We toured the city, where the population has swelled with an influx of Syrian refugees. We visited sites such as the reputed cave where Abraham was born (and kept alive by a nursing gazelle) and the “Pool of the Sacred Fish.” According to Islamic and Jewish tradition – but not found in the Bible – this pool was where Nimrod intended to throw Abraham into the fire. But God turned the fire into water and the burning coals into fish. Legend says if you see a white fish it will open the door to the heavens.
We did not see any white fish, but we know the Way to heaven. Jesus said, “I am the way, and the truth, and the life. No one comes to the Father except through me” (John 14:6).
We met some believers in the secret church here. They, like a majority of the population, are Kurdish. They seemed very fearful, and we hoped simply to encourage them. Pray for strength and boldness for our brothers and sisters in Christ.
The Halil-ur-Rahman mosque, built in Sanliurfa in 1211, where the Mevlid-I Halil Cave and Pool of Sacred Fish are found. Muslims revere these locations.
Saturday, May 30
The team united by evening in Istanbul after some flight delays and changes for Charlotte. Otherwise, travel was uneventful. We overnight in Istanbul before flying very early Sunday morning to southeastern Turkey to begin touring new areas. Continuing to pray for breakthroughs.
Friday, May 29
Elaine and I connected with Jessica Jones in Toronto for our flight to Istanbul, where we'll be united with Charlotte Crain, who is flying from the Left Coast. We are all scheduled to arrive in Turkey Saturday morning.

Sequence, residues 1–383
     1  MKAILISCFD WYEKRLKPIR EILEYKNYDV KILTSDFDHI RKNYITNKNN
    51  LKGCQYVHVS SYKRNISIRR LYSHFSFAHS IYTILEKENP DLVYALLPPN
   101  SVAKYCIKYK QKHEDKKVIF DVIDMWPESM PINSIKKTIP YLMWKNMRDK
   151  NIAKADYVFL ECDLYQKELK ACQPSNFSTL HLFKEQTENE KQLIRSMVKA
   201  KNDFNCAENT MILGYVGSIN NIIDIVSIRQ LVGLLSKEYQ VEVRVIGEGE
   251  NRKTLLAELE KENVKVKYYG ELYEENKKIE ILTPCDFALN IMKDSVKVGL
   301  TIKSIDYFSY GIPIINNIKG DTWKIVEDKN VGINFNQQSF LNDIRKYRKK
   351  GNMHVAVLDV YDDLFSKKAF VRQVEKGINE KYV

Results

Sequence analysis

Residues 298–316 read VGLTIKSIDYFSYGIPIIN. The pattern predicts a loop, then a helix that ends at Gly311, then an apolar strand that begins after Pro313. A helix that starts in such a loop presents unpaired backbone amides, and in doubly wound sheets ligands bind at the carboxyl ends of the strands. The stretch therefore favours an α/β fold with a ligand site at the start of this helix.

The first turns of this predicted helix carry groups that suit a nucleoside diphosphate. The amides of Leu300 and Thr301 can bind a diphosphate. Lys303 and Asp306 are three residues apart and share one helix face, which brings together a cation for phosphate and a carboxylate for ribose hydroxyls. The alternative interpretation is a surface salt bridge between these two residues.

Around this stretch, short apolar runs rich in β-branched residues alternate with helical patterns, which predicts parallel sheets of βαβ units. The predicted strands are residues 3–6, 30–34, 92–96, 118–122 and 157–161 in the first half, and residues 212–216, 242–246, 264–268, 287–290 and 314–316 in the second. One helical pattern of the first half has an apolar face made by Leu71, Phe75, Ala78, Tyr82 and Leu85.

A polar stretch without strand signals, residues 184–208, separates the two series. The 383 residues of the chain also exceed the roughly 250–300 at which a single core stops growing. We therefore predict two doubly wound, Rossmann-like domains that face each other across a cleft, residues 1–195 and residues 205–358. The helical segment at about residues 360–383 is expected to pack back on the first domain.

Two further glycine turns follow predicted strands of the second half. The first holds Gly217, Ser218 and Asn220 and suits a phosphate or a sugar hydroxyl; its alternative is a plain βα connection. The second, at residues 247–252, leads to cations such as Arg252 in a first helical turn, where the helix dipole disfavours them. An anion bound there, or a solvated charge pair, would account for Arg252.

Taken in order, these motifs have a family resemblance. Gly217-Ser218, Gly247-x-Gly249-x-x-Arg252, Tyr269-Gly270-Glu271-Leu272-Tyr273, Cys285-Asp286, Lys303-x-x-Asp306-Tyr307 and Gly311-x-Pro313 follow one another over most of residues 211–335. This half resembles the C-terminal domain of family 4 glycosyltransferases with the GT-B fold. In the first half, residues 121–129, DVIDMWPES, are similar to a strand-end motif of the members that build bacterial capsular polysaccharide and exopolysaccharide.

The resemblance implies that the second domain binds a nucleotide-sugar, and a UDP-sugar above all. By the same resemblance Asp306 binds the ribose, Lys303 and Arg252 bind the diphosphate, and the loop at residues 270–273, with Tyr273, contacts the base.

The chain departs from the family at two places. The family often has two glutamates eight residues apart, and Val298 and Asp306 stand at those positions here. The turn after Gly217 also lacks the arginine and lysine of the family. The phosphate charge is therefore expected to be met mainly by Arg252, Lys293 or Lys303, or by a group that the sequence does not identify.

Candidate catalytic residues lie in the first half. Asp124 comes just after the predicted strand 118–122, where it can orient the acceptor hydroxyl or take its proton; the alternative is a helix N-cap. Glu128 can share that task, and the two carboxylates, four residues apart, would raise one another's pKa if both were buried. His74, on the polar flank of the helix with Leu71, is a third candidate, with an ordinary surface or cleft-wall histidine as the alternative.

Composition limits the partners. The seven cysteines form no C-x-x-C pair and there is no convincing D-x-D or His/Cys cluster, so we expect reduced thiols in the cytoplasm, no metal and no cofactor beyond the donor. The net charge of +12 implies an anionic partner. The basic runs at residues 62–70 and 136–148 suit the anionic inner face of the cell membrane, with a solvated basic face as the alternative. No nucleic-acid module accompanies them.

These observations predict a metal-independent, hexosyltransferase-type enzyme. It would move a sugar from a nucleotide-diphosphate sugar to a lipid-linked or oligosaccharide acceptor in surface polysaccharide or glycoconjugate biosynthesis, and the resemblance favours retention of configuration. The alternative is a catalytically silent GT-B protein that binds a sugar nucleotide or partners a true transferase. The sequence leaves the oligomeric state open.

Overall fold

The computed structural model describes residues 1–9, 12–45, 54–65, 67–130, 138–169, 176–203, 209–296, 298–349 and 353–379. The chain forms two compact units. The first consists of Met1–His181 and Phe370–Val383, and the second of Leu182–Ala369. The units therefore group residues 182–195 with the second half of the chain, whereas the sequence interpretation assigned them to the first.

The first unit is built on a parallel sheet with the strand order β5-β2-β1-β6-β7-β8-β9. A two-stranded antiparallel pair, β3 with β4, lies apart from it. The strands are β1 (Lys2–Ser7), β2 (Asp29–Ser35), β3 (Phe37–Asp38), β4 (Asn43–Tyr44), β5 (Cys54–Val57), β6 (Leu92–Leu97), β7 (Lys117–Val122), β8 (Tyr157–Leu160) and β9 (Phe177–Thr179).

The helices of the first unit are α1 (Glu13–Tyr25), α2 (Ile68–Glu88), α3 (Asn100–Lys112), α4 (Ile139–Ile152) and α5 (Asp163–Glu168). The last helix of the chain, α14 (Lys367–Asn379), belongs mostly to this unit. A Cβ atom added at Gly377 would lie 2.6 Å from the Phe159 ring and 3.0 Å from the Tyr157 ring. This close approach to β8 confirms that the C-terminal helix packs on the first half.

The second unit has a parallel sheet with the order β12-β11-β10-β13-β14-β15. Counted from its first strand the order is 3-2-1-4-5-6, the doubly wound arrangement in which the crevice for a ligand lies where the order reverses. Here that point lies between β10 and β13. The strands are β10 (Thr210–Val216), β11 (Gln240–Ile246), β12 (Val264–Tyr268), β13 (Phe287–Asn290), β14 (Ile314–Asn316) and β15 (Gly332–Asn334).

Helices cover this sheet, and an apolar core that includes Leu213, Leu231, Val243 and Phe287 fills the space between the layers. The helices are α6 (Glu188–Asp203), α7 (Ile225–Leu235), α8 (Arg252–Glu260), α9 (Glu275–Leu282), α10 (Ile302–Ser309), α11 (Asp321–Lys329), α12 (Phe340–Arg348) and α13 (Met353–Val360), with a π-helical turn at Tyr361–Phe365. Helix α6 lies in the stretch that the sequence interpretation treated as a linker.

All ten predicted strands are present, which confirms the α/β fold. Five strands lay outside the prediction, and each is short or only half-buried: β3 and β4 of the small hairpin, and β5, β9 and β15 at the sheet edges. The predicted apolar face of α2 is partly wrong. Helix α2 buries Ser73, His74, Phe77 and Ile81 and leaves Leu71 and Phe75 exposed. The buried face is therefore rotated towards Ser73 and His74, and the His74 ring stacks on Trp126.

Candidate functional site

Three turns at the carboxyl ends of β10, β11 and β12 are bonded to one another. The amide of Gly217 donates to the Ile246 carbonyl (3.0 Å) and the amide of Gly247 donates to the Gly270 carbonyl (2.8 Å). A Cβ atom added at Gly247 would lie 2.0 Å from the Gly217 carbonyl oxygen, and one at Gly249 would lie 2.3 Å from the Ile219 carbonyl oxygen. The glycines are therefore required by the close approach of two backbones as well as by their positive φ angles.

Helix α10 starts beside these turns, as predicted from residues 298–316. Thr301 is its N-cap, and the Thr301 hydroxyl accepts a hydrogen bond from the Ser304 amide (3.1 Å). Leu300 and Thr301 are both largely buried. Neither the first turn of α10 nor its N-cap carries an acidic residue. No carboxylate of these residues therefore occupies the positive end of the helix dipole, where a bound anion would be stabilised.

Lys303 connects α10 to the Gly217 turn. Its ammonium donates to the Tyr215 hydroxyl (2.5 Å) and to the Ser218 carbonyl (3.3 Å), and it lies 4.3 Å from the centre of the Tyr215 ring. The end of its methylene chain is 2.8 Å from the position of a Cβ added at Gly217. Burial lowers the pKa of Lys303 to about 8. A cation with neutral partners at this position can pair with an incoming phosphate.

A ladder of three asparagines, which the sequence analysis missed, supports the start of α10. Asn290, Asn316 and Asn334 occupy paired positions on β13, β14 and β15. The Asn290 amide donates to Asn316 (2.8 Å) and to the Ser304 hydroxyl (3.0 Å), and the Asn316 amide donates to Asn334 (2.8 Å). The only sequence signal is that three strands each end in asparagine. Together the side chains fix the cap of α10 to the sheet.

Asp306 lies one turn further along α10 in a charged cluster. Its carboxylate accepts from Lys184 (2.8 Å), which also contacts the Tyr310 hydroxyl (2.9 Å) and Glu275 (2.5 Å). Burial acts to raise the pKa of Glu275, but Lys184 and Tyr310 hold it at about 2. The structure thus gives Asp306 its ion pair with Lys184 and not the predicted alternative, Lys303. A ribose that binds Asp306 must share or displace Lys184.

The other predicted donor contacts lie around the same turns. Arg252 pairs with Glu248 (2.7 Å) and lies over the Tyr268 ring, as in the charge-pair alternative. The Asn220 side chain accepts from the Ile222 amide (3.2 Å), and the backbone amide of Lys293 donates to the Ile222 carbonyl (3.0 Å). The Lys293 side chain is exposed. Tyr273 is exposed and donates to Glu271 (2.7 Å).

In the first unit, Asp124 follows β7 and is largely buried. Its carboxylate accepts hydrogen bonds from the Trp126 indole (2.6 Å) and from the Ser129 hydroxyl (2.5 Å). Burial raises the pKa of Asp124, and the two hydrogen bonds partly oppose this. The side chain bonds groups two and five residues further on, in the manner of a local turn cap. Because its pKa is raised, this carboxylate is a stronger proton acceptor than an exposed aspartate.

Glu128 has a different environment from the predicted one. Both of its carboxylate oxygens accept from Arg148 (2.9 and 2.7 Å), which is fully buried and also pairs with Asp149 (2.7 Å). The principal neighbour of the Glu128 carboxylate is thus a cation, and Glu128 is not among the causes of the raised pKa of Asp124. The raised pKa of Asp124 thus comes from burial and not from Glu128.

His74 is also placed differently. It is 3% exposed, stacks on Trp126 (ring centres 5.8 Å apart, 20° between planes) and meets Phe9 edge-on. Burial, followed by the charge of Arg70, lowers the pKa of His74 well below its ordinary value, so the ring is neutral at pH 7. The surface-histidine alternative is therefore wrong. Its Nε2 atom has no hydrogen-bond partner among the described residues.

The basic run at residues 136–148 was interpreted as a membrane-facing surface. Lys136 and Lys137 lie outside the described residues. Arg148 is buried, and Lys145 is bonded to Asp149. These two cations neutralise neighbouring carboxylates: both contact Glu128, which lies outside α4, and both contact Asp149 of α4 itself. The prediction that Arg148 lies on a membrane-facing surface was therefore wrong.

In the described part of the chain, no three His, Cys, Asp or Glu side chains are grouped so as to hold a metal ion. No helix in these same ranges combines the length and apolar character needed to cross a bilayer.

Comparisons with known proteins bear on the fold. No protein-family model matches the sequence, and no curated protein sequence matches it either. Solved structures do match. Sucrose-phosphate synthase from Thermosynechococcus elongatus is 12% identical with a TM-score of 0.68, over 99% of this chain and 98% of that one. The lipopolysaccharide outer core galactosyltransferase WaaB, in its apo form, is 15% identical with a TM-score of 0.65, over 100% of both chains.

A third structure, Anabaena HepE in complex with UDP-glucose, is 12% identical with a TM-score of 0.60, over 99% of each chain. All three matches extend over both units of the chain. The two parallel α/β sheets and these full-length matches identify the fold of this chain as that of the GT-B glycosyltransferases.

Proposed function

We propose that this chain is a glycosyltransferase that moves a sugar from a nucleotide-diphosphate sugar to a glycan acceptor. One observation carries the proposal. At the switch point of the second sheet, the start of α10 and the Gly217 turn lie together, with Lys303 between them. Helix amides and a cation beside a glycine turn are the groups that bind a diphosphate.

While praying for us today spiritual coordinator Jordan Rowley felt the Lord giving him the phrase “break through!” We are asking for breakthroughs among our Turkish and Kurdish friends in the days ahead. Please join us in this prayer. Pray on!
“I am the good shepherd. The good shepherd lays down his life for the sheep.” – John 10:11 (ESV)
The shepherd who knows all 280 of his sheep. (Photo by Gary Fallesen, Mission: Ararat 2014)
On our second day on Mount Ararat in 2014, as my wife Elaine and I descended from Base Camp at 10,000 feet toward one of the Kurdish camps we were going to visit, we stopped to talk to a shepherd named Fahrit.
Elaine asked him how many sheep he had. “280,” he answered.
If he lost one would he know it? “Yes.”
Would he leave the other 279 to go and find it? Of course he would.
On another day we observed a young shepherd boy on a hillside about a mile in the distance, talking and singing to his herd. We could hear him loud and clear. He did that, our guide explained, so that his sheep would know his voice.
There’s a big field in Eastern Turkey just waiting to be harvested for God’s glory, waiting to hear about the Good Shepherd, waiting to receive the Good News of Jesus Christ. May our Mission: Ararat 2015 team have beautiful feet on the mountain and in our travels among the Kurdish people living in the southeast and eastern parts of a country that is 99.8-percent Muslim. Only about 1,400 of the 14 million-plus Kurdish people living in Turkey profess to be Christian – that’s 0.01 percent!